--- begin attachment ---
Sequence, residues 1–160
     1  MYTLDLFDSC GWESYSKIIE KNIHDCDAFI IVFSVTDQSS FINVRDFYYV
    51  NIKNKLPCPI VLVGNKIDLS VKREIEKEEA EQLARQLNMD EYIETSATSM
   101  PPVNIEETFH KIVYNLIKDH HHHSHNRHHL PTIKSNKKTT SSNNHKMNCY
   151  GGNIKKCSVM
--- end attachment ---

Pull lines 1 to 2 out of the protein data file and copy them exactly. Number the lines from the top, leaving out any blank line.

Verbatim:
Sequence, residues 1–160
     1  MYTLDLFDSC GWESYSKIIE KNIHDCDAFI IVFSVTDQSS FINVRDFYYV